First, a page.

It must have been all the asshole in his drinking water

September 1, 2013 § 24 Comments

It was a crazy busy Labor Day Saturday in the bike shop, a bike shop I’ve only used once before.

“Hey, man, my handlebar tape’s shot. Any way you could wrap my bars for me and slap on a new tire?”

The harried owner grabbed a ticket. “Sure,” he said with a friendly smile.

“Oh, man, I’m so sorry to ask this, but could you do it, like, now?”

His workstand was empty, and he gave me the quick up-and-down lookover, standing there as I was in my NPR kit and covered in sweat. Bike shops are funny. If you’re halfway polite and you need something done so you can ride your bike, they tend to give you priority. There’s nothing a real bike shop owner hates worse than not being able to service a cyclist who needs something in order to actually ride right now.

“Can you wait thirty minutes?”

“Of course. Man, I really appreciate it.”

He nodded and wheeled my bike around the counter.

Then, in walked Safari Jim. You know how you can tell some people are assholes before they ever open their mouth? They might as well have “I’m an asshole” tattooed on their forehead, because you know at first glance that “This dude is an asshole.” And he always is.

Safari Jim

This particular asshole had a jaunty, very expensive safari hat on his head. You need those in SoCal because you never know when you’ll have to shoot, gut, and skin an elephant. “I need some wheels,” said Safari.

I glanced at the ceiling of the bike shop, which had at least fifty wheelsets hanging on hooks. “You’ve come to the right place,” said the owner.

“I’m looking for the Shimano WH-9000 carbon/aluminum clinchers.”

“Well, that’s lucky, because I have a pair right here.” The shop owner took down the wheels. They were absolutely gorgeous.

“How much?”

“These are $1,300.”

“That’s too expensive!” said the asshole. “I can get them on the Internet for $1,100.”

This is of course the reason I don’t run a bike shop, because it’s the point in the conversation that I would have said, “Well, maybe now is a great time to start clicking your mouse and get the fuck out of my shop.”

But the owner smiled. He waved his hands at his shop. “This,” he said “isn’t the Internet.”

Asshole didn’t back down. “You’re charging two hundred over the MSRP. I can get a pair of these wheels at a shop in San Luis Obispo right now for $1,100. See?” He held up his smart phone to show the owner.

I couldn’t stand it any more. “No, dude, you can’t,” I said.

He looked over at me. “Can’t what?”

“You can’t get those wheels in SLO right now.”

“Why not?”

“Because it’s 4:00 PM on a Labor Day Saturday. With traffic you’re looking at a four-hour round trip drive. They’ll be closed when you get there.”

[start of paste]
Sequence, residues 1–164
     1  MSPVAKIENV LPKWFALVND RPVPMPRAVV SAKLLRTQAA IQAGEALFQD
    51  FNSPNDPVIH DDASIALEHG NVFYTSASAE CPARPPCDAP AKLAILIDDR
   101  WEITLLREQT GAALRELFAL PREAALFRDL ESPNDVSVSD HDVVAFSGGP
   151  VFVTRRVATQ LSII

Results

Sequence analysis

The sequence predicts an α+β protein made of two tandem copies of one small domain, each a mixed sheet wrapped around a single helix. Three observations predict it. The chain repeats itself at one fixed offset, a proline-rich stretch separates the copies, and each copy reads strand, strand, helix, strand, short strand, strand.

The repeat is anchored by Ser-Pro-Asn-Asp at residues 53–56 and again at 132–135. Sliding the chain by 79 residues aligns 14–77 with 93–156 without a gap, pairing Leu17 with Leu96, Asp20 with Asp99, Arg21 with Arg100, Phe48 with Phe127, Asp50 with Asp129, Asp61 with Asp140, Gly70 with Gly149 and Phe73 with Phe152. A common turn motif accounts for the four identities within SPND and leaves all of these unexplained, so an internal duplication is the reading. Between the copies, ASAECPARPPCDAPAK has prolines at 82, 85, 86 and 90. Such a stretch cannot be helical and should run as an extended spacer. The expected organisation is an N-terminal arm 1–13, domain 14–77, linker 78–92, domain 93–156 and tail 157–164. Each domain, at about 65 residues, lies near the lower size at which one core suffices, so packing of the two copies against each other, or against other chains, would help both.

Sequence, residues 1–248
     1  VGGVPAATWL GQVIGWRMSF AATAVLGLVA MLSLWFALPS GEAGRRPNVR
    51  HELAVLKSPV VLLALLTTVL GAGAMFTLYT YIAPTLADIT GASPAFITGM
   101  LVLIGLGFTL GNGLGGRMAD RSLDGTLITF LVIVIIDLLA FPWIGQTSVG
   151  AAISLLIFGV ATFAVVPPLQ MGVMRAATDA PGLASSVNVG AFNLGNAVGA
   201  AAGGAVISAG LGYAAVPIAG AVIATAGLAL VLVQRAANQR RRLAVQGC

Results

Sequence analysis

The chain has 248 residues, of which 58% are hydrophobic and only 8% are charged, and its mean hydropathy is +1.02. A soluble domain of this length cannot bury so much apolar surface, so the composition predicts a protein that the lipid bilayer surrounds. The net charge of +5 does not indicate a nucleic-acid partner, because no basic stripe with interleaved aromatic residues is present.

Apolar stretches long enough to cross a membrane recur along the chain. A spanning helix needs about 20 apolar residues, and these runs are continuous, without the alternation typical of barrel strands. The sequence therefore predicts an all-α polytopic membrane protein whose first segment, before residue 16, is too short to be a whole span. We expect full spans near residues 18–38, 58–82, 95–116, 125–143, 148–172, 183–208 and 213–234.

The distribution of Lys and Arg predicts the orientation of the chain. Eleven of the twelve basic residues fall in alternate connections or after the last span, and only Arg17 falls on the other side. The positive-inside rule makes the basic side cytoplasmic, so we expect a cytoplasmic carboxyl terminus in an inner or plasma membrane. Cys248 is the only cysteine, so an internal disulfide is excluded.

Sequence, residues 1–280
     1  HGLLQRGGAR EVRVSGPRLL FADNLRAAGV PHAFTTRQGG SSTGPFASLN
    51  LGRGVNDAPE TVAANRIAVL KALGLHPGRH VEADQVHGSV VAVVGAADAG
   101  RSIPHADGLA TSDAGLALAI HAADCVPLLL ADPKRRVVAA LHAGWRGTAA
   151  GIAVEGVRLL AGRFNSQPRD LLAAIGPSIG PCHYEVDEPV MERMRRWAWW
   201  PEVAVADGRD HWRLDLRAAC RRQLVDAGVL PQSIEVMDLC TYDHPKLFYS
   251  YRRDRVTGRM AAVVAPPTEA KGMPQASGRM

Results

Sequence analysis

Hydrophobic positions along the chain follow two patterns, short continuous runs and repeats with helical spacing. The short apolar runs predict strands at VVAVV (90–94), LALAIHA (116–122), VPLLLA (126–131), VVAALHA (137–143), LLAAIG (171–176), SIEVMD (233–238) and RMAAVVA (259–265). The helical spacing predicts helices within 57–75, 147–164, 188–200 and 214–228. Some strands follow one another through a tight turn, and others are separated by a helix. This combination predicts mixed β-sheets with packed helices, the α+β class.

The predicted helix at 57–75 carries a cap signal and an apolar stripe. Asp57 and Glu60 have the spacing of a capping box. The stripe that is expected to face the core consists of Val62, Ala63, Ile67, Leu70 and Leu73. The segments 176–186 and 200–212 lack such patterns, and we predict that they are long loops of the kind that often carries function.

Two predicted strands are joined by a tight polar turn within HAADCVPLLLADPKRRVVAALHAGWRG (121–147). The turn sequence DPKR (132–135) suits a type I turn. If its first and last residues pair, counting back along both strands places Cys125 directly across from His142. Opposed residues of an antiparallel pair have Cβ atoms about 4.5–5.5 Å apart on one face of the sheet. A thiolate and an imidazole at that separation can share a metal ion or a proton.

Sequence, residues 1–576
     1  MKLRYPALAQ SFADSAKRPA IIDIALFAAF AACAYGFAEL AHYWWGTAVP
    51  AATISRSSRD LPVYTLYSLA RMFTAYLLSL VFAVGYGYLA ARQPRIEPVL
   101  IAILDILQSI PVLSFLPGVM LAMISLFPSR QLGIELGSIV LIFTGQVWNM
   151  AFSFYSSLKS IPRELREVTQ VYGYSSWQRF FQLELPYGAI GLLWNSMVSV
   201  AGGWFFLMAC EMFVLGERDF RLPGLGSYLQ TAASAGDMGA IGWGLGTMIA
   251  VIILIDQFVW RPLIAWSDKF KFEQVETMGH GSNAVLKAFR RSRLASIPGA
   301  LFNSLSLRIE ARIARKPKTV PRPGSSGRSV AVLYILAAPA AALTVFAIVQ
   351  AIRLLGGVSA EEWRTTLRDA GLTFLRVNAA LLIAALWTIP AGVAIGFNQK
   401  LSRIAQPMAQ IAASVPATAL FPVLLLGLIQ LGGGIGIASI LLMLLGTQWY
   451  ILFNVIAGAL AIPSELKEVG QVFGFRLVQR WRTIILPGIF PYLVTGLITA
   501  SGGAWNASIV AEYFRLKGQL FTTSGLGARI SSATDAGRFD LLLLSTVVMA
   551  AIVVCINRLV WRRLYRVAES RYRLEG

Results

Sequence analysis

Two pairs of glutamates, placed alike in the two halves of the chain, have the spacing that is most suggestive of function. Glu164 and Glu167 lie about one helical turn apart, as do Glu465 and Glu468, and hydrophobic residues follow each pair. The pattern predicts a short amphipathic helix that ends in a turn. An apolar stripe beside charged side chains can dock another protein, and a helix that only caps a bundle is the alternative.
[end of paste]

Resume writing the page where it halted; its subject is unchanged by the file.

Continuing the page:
He swiveled back to the owner. “I don’t see any reason why I should pay that much,” he insisted. “What year are these wheels anyway?”

“These are 2013.”

“The 2014 are already out. Why should I pay more for an outdated set of wheels?”

I looked at his droopy gut, saggy bosom, and fat knees. “Dude,” I thought “whether they were made in 2013 or 1913 probably isn’t going to make you ride any faster.”

“I’d at least like to know the technical specifications for the difference between these and the 2014’s,” he said.

“Just a moment,” said the shop owner. “Let me see if I have that information.”

He looked uncertainly at me. “These are clinchers, right?”

“No,” I wanted to say. “Those are glueless beaded tubulars, dumbshit. And you’re asking for ‘technical specs’ when you don’t even know the fucking difference between a tubular and a clincher?” But instead I said, “You sure seem to be interested in those wheels.”

“I am.” Then under his breath he said, “I bought a new 11-speed Shimano group on the Internet. Got an unbelievable deal. Then I took them over to a different bike shop to build up the frame. No way I’m paying retail for a group, heh, heh.”

“So why don’t you get the wheelset at the other shop?”

“They don’t have it.”

“Can’t they order it?”

“I want it now.”

It was kind of impressive, the way this jackass was singlehandedly making every bike shop in the South Bay of Los Angeles hate his fucking guts.

The owner came back. “Do you live around here?” he asked.

“Oh, yeah. I live in Manhattan Beach. We’ve been there for five years now. My wife bought the house while I was on a business trip.”

The owner nodded. “I don’t have the new specs for the 2014 wheelsets yet, but I can try to get the Shimano sales rep on Tuesday to get you that information.”

“Well, I like these wheels but they’re overpriced for old wheels.”

“Dude,” I said.


“Did your wife really buy you an entire fucking house in Manhattan Beach while you were on a business trip?”

“Yes,” he proudly smiled. “It’s a very large and beautiful place.”

“I’m sure the fuck it is. And after dropping two mil on a house now you’re haggling with a damn bike shop over a couple hundred bucks for a pair of wheels? You fucking kidding me?”

He turned beet red. “Well, she and I keep our money in separate accounts.”

“I’m sure you do. And these wheels apparently need to come out of hers.”

He was now so embarrassed that he folded. “They are nice wheels.”

“Damn straight they are. Now buy ’em and slap ’em on that new bike. You’re gonna love ’em.”

He nodded at the shop owner. “I’ll take them. They come with covers and skewers, right?”

“Of course, sir.” The owner took his money and bagged the wheels and waved good-bye.

The mechanic had finished wrapping my bars and putting on a new tire. He grinned as he pushed over the bill. Amazingly, it was very, very, very cheap.

§ 24 Responses to It must have been all the asshole in his drinking water

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